7. Pressures to ban embryonic stem cell research and impose limits on abortions are likely.

      8. GOP pressures in Congress for additional free trade pacts which won't help the dismal jobs picture in Michigan.

      9. Adopting rational measures required to increase employment and recover from the recession will be more difficult.

      10, Repeal of military "don't ask, don't tell" policy by Congress will be more difficult.

      11. Comprehensive immigration reform is probably D.O.A.

      What will be the effect of the 2010 GOP Sweep in Michigan and in Washington?

      The Republicans' capture of the three statewide elective offices (governor, attorney general and secretary of state), the state house of representatives and state senate plus two seats on the Michigan supreme court combined with the GOP's capture of the U.S. House of Representatives and gains in the Senate will have profound effects for Michigan. Some of the effects may be positive, but many are likely to prove to be negative.Although Rick Snyder portrayed himself as and may actually be, a moderate, he will not be able to ignore his more conservative colleagues in the state house and senate and the attorney general's office.

      Some of the likely downsides from the state and national election may include--failure to take action on important environmental issues such as the pollution resulting from natural gas "fracking;" climate change, pipeline safety, and other water and air pollution issues; continued participation by Michigan's attorney general in the lawsuit seeking to invalidate the federal health care reform bill; and perhaps of greatest immediate concern, several hundred thousand unemployed Michiganders whose unemployment benefits will soon run out with no additional extensions in sight. Sadly, we will not have the good offices and expertise of Jocelyn Benson as secretary of state. This means we will have to watch Ruth Johnson's actions on voting rights and procedures to assure she isn't up to voter suppression tactics. Finally, the brief period of a Democrat majority on the Michigan supreme court came to an end on November 2 with the election of two John Englerite conservatives to the court which will bring more decisions catering to business interests and less concern for the rights of ordinary citizens.

      One of the biggest downsides for Democrats from the election is that the Republican's will be in the driver's seat for redistricting. This will give them a huge advantage in 2012 and future elections.

      On the bright side, Rick Snyder promised to "reinvent Michigan," and he actually may be able to make some headway in that direction if he can get cooperation from some of the Democrats in the state house and senate. Good luck to him in these efforts. But I'm not holding my breath. Snyder's appointment of three old Engler hands as his transition team doesn't inspire confidence that he'll govern as a moderate in the footsteps of William Milliken who endorsed him for governor.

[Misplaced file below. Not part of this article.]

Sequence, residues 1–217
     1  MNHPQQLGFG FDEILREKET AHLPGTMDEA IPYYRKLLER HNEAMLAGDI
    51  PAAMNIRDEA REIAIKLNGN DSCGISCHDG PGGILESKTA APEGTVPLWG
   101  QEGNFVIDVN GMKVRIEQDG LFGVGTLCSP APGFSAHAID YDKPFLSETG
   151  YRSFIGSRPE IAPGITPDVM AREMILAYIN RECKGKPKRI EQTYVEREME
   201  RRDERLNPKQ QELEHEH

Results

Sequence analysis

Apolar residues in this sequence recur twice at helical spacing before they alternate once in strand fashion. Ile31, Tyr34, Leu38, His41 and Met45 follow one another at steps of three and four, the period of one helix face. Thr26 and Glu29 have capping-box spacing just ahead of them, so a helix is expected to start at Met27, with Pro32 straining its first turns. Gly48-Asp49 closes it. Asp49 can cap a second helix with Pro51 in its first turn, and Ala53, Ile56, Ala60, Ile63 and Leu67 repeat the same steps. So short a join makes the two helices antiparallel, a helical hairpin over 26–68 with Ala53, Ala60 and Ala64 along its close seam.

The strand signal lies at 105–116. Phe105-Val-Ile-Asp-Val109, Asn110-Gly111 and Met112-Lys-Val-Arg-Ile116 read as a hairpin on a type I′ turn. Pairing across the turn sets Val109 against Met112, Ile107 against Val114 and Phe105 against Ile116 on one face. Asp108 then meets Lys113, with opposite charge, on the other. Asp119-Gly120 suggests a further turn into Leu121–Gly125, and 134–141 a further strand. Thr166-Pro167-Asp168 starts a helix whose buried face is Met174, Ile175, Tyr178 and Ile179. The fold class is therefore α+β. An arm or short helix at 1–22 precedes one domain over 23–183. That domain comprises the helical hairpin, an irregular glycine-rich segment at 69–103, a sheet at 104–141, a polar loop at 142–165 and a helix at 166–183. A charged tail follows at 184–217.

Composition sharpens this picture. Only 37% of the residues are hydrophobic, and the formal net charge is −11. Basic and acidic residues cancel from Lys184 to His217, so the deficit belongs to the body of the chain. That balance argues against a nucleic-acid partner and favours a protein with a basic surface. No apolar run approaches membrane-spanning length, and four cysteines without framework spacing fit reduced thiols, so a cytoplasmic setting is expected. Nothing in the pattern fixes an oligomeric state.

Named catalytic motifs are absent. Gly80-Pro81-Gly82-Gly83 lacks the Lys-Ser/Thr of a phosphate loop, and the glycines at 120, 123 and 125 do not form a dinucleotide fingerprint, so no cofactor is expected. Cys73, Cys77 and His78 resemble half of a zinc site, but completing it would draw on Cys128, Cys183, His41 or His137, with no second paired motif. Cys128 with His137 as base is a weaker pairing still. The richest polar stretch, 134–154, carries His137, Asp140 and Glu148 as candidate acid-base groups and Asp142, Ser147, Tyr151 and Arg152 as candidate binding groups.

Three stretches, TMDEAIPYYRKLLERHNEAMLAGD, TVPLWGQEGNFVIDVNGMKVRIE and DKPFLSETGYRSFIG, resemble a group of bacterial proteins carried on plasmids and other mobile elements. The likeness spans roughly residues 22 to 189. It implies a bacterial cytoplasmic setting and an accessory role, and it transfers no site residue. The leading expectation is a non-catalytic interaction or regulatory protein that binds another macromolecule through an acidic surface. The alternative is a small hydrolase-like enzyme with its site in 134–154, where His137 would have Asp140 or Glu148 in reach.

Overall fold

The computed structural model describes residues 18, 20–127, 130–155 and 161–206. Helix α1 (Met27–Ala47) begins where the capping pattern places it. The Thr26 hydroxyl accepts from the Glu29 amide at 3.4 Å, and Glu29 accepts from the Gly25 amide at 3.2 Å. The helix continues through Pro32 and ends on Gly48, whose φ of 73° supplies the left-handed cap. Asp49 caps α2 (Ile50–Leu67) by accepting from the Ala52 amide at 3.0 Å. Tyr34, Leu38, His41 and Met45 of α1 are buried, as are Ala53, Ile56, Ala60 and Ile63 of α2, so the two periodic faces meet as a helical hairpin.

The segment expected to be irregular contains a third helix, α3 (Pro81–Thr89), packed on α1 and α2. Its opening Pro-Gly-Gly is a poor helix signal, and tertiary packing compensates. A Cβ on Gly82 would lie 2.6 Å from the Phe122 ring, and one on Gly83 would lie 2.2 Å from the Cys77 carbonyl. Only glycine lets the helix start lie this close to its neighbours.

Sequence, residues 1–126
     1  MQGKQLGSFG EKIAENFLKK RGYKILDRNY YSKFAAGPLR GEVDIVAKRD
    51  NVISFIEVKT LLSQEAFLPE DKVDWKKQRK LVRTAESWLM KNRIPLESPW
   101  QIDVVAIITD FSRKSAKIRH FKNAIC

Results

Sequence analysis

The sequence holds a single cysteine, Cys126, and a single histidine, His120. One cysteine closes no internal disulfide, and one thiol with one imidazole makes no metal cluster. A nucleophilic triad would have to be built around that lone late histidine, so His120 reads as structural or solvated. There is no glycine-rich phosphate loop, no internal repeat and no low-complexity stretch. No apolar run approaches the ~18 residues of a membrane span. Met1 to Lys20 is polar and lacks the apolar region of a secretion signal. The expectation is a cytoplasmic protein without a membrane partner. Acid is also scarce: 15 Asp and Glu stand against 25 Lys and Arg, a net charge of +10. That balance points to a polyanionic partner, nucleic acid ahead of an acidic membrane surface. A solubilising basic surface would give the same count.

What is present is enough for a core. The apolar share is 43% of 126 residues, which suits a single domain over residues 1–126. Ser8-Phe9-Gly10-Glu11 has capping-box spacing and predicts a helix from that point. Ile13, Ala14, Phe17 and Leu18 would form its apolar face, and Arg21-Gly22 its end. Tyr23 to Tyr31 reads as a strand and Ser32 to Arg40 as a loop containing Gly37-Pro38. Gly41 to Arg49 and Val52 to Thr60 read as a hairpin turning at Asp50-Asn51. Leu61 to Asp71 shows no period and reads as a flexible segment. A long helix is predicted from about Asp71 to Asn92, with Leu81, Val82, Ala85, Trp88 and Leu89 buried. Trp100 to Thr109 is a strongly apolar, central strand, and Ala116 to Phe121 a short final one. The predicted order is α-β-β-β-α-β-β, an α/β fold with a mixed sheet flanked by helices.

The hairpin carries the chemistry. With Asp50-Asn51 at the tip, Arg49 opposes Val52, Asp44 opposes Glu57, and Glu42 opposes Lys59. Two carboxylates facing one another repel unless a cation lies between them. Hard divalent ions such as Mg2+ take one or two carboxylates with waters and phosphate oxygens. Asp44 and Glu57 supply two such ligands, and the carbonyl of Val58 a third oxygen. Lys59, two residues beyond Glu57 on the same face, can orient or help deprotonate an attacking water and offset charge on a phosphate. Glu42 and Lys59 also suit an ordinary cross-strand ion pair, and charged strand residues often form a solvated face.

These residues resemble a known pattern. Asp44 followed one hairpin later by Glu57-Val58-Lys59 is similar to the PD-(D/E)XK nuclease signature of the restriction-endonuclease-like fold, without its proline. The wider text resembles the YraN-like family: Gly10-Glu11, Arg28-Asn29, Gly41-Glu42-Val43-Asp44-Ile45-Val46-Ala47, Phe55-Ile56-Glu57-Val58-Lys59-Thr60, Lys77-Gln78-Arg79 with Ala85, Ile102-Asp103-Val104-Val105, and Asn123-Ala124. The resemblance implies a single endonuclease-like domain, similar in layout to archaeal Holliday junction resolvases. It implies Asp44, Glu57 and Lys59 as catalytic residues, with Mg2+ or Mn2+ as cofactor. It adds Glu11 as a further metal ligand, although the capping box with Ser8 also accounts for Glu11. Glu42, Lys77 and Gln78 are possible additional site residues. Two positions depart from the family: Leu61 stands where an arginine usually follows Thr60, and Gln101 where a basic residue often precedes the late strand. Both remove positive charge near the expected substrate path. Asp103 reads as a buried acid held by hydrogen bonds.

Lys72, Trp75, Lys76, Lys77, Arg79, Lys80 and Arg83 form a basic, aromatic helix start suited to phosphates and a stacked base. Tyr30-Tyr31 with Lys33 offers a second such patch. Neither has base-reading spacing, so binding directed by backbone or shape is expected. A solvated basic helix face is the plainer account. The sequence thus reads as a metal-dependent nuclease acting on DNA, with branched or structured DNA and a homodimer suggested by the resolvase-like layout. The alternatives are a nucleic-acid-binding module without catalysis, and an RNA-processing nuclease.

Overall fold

11-13-10-NYTimes Letters--Reagan Economist Knocks Preliminary Deficit Commission Proposal

      Re “Some Fiscal Reality” (editorial, Nov. 11):

      The current federal budget deficit was caused mainly by unnecessary wars and related military spending, the worst economic downturn since the 1930s, and large tax cuts and bailouts for the rich, all stemming from the Bush administration.

      Now a bipartisan commission proposes that we solve the long-term deficit “problem” by cutting back Social Security, Medicare and other social welfare programs. Thus the poor, the sick and the elderly would pay for the tax breaks and bailouts for the already wealthy.

      The Republicans have made it clear that they have only one economic goal: making the rich richer. Are there no Democrats left with any backbone?

      Robert Ortner
      Short Hills, N.J., Nov. 12, 2010

      The writer was chief economist and under secretary of commerce during the Reagan administration and is the author of “Voodoo Deficits.”

      11-6-10Free Press--GOP Threatens Unemployment Aid

      Newly empowered republicans are demanding spending cuts of $5 billion to $6 billion a month as a condition for extending emergency unemployment benefits that otherwise will start expiring Dec. 1 for millions of workers who've been without jobs for half a year or longer.

      Up to 2 million people could lose the benefits--which averate $310 a month nationwide--during the holiday season and up to 5 million by the end of February if a still-Democratic-controlled Congress doesn't act in a post-election lame-duck session to extend them.

      A letter from Katrina van den Heuvel

      Dear Nation Reader,

      There's no disguising it—the results of the midterm elections were, with few exceptions, grim, as candidates who are intent on rolling back decades of economic and social progress were swept into office.